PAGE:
- Enforcement and information: circuits received both the information campaign and enforcement.
- Comparison group: circuits received neither information campaign nor enforcement.
To test the effects of the predictability and frequency of enforcement, circuits receiving the enforcement treatment (groups 1 and 3) were further randomly assigned to have officials visit circuits once or twice a week, and on a consistent or unpredictable schedule.
In addition to surveying consumers, researchers sent “mystery shoppers” to each feria to collect information on whether hake was available for purchase and its market price.
Both the information campaign and enforcement visits reduced hake availability and consumption. Some vendors reacted to the enforcement audits by either hiding the hake or freezing the fish and claiming it was legally caught before the ban. As a consequence, enforcement was more effective when it was unpredictable and less frequent.
Availability: The information campaigns, enforcement, and the combined intervention reduced the availability of visible hake by more than 60 percent. To continue selling hake in September, however, vendors reacted by adopting defensive strategies such as hiding the hake, or selling frozen hake and claiming it was legally caught in August and had been frozen since. When considering the availability of any hake (visible, hidden, or frozen), the information campaigns reduced availability by over 30 percent.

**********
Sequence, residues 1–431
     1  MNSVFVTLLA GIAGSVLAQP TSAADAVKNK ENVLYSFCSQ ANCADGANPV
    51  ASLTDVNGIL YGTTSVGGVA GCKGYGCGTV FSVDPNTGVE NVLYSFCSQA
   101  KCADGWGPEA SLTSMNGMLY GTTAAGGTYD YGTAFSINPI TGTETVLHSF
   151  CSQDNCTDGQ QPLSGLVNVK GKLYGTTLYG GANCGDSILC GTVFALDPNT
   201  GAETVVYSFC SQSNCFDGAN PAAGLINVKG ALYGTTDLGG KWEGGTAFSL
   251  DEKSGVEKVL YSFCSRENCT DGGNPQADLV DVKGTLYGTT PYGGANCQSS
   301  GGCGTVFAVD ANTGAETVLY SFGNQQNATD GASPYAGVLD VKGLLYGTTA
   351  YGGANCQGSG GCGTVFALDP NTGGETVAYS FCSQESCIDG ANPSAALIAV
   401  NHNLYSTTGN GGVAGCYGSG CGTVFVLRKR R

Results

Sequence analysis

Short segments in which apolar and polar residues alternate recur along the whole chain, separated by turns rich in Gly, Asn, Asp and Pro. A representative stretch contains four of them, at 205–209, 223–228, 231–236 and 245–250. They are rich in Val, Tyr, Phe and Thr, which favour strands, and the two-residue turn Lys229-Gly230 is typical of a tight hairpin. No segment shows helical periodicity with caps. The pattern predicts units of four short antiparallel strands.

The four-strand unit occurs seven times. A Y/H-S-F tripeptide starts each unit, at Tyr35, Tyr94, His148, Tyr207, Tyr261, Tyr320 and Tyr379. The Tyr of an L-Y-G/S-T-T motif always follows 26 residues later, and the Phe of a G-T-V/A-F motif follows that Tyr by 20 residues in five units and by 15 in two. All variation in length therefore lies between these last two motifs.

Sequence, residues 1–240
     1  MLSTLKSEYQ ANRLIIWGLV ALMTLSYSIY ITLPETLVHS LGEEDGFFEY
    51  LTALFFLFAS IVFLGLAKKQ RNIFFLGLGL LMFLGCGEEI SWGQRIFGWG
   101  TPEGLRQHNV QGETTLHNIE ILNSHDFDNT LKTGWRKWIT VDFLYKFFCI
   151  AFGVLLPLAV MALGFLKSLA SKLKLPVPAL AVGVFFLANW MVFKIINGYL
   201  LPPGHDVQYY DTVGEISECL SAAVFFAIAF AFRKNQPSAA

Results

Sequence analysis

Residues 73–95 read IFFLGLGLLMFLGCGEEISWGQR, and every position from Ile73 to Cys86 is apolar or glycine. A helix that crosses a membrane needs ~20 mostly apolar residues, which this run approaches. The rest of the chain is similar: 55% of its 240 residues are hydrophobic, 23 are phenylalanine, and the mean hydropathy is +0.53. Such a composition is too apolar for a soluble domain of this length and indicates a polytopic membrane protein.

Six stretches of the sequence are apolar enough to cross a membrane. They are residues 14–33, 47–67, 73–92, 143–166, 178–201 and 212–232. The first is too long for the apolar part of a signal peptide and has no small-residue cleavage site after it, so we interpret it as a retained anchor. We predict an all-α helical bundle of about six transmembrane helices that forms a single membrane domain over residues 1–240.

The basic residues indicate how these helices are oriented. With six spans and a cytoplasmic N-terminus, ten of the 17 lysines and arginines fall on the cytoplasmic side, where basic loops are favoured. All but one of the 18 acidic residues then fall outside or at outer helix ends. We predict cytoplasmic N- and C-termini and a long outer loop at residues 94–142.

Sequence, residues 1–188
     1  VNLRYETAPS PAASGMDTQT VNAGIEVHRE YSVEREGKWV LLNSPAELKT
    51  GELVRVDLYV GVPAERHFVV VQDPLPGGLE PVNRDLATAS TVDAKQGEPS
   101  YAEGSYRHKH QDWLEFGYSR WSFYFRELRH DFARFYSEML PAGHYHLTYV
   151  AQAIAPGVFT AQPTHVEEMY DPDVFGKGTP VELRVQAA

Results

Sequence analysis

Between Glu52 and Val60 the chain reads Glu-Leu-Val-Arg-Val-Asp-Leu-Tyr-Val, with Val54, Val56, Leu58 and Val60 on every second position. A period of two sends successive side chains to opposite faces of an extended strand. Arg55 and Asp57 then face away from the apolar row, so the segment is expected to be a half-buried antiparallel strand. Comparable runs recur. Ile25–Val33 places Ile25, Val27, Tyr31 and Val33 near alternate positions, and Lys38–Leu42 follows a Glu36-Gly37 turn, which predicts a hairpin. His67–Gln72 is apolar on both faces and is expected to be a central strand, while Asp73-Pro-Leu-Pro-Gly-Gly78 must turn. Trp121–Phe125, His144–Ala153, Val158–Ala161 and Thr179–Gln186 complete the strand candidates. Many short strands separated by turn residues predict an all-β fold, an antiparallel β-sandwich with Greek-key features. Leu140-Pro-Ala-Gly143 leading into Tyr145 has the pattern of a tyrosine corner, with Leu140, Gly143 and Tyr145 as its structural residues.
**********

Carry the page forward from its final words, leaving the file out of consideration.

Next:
Consumption: Individuals in neighborhoods with information campaigns were more aware of the ban and reported purchasing fewer illegal hake. The campaign led to a 27.5 percentage point reduction in self-reported hake consumption relative to the 49 percent of consumers who reported buying hake in the comparison neighborhoods.
Enforcement design: The enforcement strategy was more effective when it was unpredictable and administered less frequently. Researchers suggest this is because vendors who were visited once a week were unable to learn patterns to circumvent enforcement as quickly as vendors visited twice a week. Additionally, researchers suggest that the lack of predictability made it more difficult for vendors to effectively hide or freeze hake fish. Therefore, researchers recommend that when evaluating the longer-term policy consequences of monitoring, policymakers should consider potential adaptive reactions that may circumvent enforcement.
Relative cost-effectiveness: To estimate the relative cost per fish saved, researchers conducted a comparative cost-effectiveness analysis factoring in both the impacts and overall costs of each intervention. The information campaign was more cost-effective than enforcement, overall. However, low frequency monitoring with unpredictable enforcement appears to be the single most cost-effective strategy.
Since 2016, the Chilean government has expanded the information campaigns during seasonal hake fishing bans, citing the evaluation and cost-effectiveness analysis. The government has also conducted similar information campaigns about fishing bans for three other species: the croaker, southern hake, and sea urchin.
The Chilean National Fish Service also applied research insights from the evaluation to adapt their enforcement strategy to more unpredictably target the most strategic markets.
Read more about the scale-up and the Chilean National Fish Service’s continued partnership with J-PAL in the Evidence to Policy case study.
Gonzalez-Lira, Andres and Ahmed Mushfiq Mobarak. “Slippery Fish: Enforcing Regulation under Subversive Adaptation.” Working Paper, February 2019.